Tuesday, October 24, 2017

Happy Trees!

OK, Bob Ross I am not, but I'm pretty happy with the way the backdrop turned out.

This was the stage had me worried, I have never done any sort of painting before but decided that if I wanted something that looked halfway decent I was going to have pick up a paintbrush and push myself.  I did a lot of Youtube watching and conferred with Quin about how to paint my backdrop.  He gave me some great suggestions along way that proved to be quite a bit of help.  Thanks Quin!

While I felt the distant mountains looked good, I couldn't help but wonder what an actual 3D tree planted in front of them would look like?  Would there be too much contrast?   I kept thinking that I needed to have some sort of texture to help blend the 2D background trees with the 3D trees on the layout?  At the saame time I didn't want to have paint a mural to get the results.

This turned out not to be the case.  Quin explained that the darker colored hills were nothing more than a shadow layer that I was suppose to paint the forest on, thus giving me more depth to the scene, so I began using a sponge and dabbing method with a darker rich green.  I got the hills about 90% covered up with the sponge.

While the sponge worked good for this, I couldn't get close enough to the ceiling tile, so I tried using a 3/4" Filbert brush to get paint on the bottom 1/2" of the backdrop.  Then I tried using this brush on the next lighter color of green but I couldn't get the stippled effect I was looking for.  I had used a cheap 1" painter brush to get a rough edge on the nearest hills, but for the trees the pattern was a bit too big. So I grabbed 3/4" flat brush.  

After getting the greens mixed to a lighter color I loaded up the brush, wiped off the biggest share of it and started to stipple on the paint.  This seemed to work better.  I continued to stipple on that color of green until I had covered the previous color about 75%.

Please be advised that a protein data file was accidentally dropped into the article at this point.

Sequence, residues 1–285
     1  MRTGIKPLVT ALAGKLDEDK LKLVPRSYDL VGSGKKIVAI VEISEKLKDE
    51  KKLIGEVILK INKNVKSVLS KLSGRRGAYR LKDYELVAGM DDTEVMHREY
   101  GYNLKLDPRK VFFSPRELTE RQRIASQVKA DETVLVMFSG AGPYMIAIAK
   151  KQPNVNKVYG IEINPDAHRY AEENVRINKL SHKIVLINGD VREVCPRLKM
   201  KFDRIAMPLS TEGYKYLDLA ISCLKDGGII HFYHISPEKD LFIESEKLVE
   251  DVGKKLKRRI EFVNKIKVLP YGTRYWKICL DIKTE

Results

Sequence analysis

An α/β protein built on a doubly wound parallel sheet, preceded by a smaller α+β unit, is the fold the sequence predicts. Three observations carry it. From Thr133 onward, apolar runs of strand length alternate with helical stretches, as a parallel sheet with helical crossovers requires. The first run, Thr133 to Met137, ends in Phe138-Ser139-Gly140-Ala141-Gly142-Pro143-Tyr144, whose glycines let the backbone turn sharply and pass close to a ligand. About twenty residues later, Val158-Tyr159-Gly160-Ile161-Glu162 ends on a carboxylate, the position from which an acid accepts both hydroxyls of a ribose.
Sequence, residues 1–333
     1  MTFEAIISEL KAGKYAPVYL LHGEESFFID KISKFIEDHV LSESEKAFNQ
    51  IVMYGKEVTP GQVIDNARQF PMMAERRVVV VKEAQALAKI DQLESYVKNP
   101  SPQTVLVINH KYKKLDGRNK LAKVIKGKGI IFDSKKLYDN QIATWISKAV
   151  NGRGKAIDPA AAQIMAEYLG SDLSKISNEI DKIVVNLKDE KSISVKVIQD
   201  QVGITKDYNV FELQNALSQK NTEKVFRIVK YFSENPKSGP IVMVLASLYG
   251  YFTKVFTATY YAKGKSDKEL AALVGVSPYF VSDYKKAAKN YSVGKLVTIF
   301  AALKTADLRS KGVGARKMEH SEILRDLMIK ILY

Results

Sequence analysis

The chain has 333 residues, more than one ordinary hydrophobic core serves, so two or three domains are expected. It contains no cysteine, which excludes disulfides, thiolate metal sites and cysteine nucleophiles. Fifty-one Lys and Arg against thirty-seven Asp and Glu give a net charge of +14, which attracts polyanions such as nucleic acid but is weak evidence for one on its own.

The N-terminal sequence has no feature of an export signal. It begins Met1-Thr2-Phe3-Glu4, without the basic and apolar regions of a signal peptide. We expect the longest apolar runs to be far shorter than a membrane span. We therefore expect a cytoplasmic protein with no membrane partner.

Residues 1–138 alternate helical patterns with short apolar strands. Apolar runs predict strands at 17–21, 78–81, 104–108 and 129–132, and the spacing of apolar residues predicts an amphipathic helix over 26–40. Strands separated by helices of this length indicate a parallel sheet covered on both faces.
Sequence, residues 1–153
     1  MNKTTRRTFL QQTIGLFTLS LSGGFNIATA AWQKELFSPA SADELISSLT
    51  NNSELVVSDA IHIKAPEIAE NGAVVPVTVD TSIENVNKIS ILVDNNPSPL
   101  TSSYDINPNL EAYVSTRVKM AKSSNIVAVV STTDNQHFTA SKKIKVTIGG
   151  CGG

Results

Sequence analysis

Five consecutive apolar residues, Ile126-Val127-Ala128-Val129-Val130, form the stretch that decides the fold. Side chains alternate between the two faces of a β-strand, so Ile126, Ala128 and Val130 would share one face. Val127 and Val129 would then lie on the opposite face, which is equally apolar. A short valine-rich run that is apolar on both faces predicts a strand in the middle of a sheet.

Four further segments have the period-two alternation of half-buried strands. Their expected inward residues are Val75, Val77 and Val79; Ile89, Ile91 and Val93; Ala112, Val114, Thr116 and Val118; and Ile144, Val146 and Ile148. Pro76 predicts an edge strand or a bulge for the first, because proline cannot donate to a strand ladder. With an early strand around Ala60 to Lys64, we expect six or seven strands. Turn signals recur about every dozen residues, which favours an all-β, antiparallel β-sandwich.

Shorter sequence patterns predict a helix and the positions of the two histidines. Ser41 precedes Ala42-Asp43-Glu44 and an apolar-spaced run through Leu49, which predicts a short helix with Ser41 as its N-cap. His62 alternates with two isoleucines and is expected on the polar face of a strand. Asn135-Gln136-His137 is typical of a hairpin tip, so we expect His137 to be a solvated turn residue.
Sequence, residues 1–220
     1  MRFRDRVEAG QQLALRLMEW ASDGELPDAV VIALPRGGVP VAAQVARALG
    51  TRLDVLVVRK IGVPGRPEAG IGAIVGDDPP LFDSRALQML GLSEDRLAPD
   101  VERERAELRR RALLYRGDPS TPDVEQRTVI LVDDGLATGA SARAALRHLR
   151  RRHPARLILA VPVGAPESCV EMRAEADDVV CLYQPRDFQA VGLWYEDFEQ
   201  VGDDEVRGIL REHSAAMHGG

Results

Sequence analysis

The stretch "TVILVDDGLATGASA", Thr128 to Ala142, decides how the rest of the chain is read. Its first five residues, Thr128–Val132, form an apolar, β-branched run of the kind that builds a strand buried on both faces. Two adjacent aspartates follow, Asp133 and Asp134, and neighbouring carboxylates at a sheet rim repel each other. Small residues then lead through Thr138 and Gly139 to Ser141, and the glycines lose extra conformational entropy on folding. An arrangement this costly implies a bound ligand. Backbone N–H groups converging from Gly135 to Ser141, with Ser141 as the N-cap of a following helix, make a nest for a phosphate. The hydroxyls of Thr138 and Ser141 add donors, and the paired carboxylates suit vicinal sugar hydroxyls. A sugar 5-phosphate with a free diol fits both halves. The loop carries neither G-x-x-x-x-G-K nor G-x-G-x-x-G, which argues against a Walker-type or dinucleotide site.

Then I mixed up the next color of green several shades lighter. Being lighter I only applied it to half of the hills and not the entire area. This would give the appearance of sunlight hitting one side of the trees and would help to reinforce the Depth of the scene.  I kept mixing the green with a lighter green and yellow until I felt I had sufficient Depth.  As I moved down the layout I could feel myself getting the hang of this and quite often I returned to a previous area to apply more highlighting to match what I had recently done.  

I was worried the whole time that I would go overboard and ruin the scene, so when I could stand back and see the Depth, I stopped, took a few pics and sent them to Quin.  The next morning he replied that they looked awesome, and I breathed a sigh of relief.

See what you think?

The next night I cleaned the rails again and started putting back the structures and rolling stock and grabbed a few more pics.  All in all I'm pretty pleased with how it turned out.  Now at least I have some faith that I can replicate this later with a few changes and complete the backdrop.

This it the paint and the colors that I used.

Quin just edited this picture for me! LOL
I wish I had that much hair...


  1. That backdrop looks great, Allen. It adds a lot of depth to the layout without drawing attention to itself. Great job!

    1. Thanks Ron. i kind of surprised myself. It's not perfect, but like you said, it doesn't draw one's attention from the layout.